Posts Tagged ‘Tom Harrison’

Reading your meter

Friday, March 5th, 2010

Tom Harrison, of the Five Percent blog, recently invited me to write a guest-post for his new employers, over at the Energy Circle. I decided to describe what I’ve learnt about my electricity consumption by reading my electricity meter once a week since the beginning of 2009. It turns out you can figure out quite a bit from that alone, follow the link if you want to find out what!

It’s rather appropriate I wrote about my weekly meter-readings. I started doing that after reading some of Tom’s own posts about electricity use. Tom makes frequent reference to using real-time meters to figure out where the money is going. I couldn’t find any smart meters for the French market at that time, so I went with my low-tech approach.

So, thank you Tom, for the inspiration in the first place, and also for the invite to write the post. I hope that despite changing jobs, you’ll still have time to keep your own blog going, it’s one of my favourites!

Free Petrol? Free Pizza!

Saturday, January 2nd, 2010

At the end of 2008, I explained how changing my driving habits had effectively given me free petrol for the month of December. Time to review the figures for 2009!

In 2008, my car travelled 10400 km, using 621 litres of petrol. That works out at 47.3 mpg if you’re British, 39.3 mpg if you’re American, and 6.0 litres per 100 km if you’re French. In 2009, the same car travelled 9440 km on 552 litres. I’ll let you do the math, but by my calculation that’s about 2% better on the mileage. More importantly, the total fuel consumption went down by 11%, which is quite a chunk. The difference is worth about $100 (70 euros), enough for another good meal out with Dweezeljazz.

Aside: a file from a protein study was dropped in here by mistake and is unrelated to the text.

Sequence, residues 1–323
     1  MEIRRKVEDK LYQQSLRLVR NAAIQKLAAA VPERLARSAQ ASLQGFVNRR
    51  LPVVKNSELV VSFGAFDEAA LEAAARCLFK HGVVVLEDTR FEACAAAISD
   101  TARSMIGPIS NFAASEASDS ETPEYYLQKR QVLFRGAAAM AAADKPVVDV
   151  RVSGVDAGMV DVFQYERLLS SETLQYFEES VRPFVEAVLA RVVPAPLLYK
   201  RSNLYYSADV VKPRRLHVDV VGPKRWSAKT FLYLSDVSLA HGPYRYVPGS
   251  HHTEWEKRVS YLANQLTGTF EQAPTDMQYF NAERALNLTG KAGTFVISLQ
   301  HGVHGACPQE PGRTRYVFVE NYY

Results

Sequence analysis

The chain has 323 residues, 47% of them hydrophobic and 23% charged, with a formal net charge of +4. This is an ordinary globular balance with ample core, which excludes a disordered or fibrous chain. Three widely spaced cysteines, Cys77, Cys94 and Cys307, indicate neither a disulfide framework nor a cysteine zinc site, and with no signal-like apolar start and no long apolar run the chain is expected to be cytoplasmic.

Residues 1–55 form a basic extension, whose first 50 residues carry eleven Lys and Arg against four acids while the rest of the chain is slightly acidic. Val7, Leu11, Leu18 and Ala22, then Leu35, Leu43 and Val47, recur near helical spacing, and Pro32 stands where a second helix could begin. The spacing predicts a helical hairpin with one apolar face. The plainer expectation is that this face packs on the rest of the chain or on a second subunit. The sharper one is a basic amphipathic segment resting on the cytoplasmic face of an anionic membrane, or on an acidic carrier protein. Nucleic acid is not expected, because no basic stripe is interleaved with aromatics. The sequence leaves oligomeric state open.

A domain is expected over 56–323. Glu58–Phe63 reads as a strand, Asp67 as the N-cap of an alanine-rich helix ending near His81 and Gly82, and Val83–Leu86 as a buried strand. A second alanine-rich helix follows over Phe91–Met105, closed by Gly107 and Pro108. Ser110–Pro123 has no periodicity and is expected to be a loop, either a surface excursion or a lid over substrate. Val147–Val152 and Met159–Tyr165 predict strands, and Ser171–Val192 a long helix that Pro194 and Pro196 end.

Free pizza for driving less, I can handle that!

According to the 538 blog, the average American family of 4 uses about 2000 US gallons of petrol per year. That’s over 7500 litres. Imagine how many free pizzas they could get if they saved 10% of that?

I’ve also been following my electricity consumption for the past year, and have found that we average about 30 kWh per day. According to Wikipedia’s list of electricity consumption per country, we’re a fair bit lower than the average for France, which would be 40 kWh/day for the two of us. Not bad at all.

I only monitor our electricity use by reading the meter once per week, but that’s enough to start getting useful information on where it all goes. For example, our water-heater broke down in summer, allowing me to estimate how much goes into heating water for us. Some people go much further. Tom Harrison uses a TED 5000, a gadget that can show electricity use by the second as it happens. That’s how he found out that his gas oven uses 300W of electricity. How many people would even guess that a gas oven uses electricity, never mind as much as that?